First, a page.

Any much-needed shift in thinking about mental illness cannot happen if only those with letters after their name challenge our beliefs and the systems that help form them. The subject needs broad curiosity. Journalists and authors. But, if we are making big claims, we must root them in well-sourced, accurate information. Given Hari’s past and how bold the promotional thrusts of Lost Connections are, not to mention its potential reach, Hari has real responsibility. It has been argued that, in taking such a authoritative position on this complex, sensitive subject, selling his book as a solution to something like trauma-related suicide, he isn’t fulfilling that responsibility. People are entitled to their opinions towards Hari and to rigorously examine Lost Connections’ components. Hopefully, the debate surrounding the book will encourage people to expand their knowledge, assumptions and stigmas about mental health and the variability of the human mind.

On my social-media feeds, I have seen people claiming that chemical-imbalance theories are washing away; that “everyone knows” mental illness has many complex factors. I’m not sure I agree. Many mental-health professionals, particularly the “critical” kind (those who analyse the ways politics and culture underpin mainstream theories and practice, questioning the absolutes of empirical research), believe that it’s stuck. Dr Joanna Moncrieff is a critical psychiatrist who writes compellingly on how chemical-imbalance theories still affect how we perceive our distress. She tells me that, although she does not usually initiate prescribing antidepressants, she “sees no benefit” in telling her patients to stop taking them. She does, however, ensure they are fully informed – something she calls a “drug-centered approach”. On Hari’s book (for which she gave an interview but hasn’t yet read), she says he is “making some points that are obvious,” but that it’s “no bad thing” to “highlight the things about modern life that make us unhappy and ask more complex questions about what we believe depression is”.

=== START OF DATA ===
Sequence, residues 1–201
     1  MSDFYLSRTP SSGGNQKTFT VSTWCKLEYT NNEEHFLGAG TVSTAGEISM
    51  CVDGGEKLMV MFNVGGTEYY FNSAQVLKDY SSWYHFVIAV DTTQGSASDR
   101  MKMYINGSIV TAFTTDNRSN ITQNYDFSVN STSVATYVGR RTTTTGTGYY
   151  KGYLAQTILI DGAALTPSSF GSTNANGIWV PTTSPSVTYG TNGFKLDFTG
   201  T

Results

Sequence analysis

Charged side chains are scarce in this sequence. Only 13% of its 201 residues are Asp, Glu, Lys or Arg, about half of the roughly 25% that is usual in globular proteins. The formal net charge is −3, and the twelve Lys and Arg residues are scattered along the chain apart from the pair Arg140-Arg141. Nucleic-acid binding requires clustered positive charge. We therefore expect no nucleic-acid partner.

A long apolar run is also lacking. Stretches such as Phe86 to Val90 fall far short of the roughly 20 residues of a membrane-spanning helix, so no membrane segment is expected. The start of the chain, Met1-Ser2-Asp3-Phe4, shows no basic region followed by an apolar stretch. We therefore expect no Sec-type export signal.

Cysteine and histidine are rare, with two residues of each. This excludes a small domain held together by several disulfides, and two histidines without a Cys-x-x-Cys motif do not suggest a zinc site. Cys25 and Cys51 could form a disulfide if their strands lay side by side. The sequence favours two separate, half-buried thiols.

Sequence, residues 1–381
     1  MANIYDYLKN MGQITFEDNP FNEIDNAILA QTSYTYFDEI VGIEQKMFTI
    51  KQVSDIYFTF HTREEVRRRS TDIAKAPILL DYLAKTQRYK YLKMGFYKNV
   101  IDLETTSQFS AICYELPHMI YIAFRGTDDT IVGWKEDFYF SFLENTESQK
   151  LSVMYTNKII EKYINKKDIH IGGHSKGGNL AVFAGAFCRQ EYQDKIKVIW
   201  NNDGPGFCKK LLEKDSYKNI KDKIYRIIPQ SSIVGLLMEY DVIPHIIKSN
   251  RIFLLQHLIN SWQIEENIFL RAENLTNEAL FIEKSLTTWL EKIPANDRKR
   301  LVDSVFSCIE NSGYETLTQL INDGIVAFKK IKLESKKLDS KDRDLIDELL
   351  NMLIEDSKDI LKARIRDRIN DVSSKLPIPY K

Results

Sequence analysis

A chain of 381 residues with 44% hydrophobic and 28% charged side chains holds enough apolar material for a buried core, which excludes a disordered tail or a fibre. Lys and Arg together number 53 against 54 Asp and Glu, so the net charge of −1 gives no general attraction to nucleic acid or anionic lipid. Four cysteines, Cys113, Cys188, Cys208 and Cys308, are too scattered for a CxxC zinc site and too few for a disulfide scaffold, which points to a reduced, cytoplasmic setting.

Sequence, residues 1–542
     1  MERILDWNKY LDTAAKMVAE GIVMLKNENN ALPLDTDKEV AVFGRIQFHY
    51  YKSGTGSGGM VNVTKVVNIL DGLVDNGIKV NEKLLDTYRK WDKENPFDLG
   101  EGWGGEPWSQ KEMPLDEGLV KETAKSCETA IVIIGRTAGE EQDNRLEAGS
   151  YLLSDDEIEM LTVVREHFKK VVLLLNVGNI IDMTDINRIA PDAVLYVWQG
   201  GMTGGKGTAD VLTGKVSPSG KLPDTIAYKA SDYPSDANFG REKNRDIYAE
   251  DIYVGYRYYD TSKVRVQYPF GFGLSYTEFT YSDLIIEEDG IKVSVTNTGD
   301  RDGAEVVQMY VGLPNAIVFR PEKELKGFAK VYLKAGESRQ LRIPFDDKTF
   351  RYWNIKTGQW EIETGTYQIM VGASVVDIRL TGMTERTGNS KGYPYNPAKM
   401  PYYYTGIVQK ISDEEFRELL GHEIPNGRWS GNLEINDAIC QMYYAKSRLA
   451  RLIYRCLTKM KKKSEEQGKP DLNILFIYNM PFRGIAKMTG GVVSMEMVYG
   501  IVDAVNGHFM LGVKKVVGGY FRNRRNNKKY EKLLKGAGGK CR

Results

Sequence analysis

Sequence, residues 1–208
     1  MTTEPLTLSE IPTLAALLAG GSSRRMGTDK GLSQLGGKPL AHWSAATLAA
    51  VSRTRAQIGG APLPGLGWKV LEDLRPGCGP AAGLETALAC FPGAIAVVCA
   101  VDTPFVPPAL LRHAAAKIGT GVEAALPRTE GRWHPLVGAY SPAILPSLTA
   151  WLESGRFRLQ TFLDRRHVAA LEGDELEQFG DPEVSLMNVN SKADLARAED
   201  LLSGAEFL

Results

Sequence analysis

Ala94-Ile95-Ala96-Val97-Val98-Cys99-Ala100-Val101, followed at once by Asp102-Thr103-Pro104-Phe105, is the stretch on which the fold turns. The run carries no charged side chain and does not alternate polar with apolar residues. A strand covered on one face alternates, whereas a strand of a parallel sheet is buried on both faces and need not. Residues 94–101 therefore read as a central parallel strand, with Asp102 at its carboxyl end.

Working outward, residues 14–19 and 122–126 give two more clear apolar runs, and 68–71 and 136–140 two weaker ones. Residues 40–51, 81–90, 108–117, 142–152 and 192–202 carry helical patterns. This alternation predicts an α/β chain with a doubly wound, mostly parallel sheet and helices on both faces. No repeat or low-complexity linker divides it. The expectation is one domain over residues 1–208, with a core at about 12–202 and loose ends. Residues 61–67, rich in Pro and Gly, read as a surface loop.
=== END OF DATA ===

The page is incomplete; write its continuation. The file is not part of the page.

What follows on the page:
What is happening under our current government is a naked illustration of what happens when people are lonely and isolated. As welfare and public services are decimated, people are becoming more distressed. Antidepressant prescriptions continue to rise in part because threadbare services cannot match demand. GPs often have no other immediate options for people when waiting lists for talking therapies are so long. In turn, increased demands on NHS therapists has lead to them reporting increasing levels of distress. Hari’s arguments on broken social bonds reflect this picture. Should they have been given a platform in the first place? That is a matter of opinion and, at this point, it remains to be seen whether any potentially valid input will be eclipsed by public perception of his practices.



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Illustration: Erin Aniker
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Mental Health